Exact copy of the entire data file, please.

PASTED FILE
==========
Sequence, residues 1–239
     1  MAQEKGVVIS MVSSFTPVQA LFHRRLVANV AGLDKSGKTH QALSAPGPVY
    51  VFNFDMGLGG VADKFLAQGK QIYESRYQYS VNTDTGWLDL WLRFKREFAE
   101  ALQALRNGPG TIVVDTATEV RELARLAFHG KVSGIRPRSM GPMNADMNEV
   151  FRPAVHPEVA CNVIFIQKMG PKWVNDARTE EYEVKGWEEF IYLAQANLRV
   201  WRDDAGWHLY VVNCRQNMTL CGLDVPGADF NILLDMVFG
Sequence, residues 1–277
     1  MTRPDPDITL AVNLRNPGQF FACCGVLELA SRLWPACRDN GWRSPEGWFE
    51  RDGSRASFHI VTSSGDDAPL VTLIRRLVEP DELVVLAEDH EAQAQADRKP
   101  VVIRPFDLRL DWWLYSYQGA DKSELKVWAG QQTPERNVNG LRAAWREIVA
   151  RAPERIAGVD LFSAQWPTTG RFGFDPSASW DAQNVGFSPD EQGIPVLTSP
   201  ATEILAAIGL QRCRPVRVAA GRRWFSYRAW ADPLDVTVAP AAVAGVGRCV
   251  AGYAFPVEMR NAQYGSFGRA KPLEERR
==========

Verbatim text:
Sequence, residues 1–239
     1  MAQEKGVVIS MVSSFTPVQA LFHRRLVANV AGLDKSGKTH QALSAPGPVY
    51  VFNFDMGLGG VADKFLAQGK QIYESRYQYS VNTDTGWLDL WLRFKREFAE
   101  ALQALRNGPG TIVVDTATEV RELARLAFHG KVSGIRPRSM GPMNADMNEV
   151  FRPAVHPEVA CNVIFIQKMG PKWVNDARTE EYEVKGWEEF IYLAQANLRV
   201  WRDDAGWHLY VVNCRQNMTL CGLDVPGADF NILLDMVFG
Sequence, residues 1–277
     1  MTRPDPDITL AVNLRNPGQF FACCGVLELA SRLWPACRDN GWRSPEGWFE
    51  RDGSRASFHI VTSSGDDAPL VTLIRRLVEP DELVVLAEDH EAQAQADRKP
   101  VVIRPFDLRL DWWLYSYQGA DKSELKVWAG QQTPERNVNG LRAAWREIVA
   151  RAPERIAGVD LFSAQWPTTG RFGFDPSASW DAQNVGFSPD EQGIPVLTSP
   201  ATEILAAIGL QRCRPVRVAA GRRWFSYRAW ADPLDVTVAP AAVAGVGRCV
   251  AGYAFPVEMR NAQYGSFGRA KPLEERR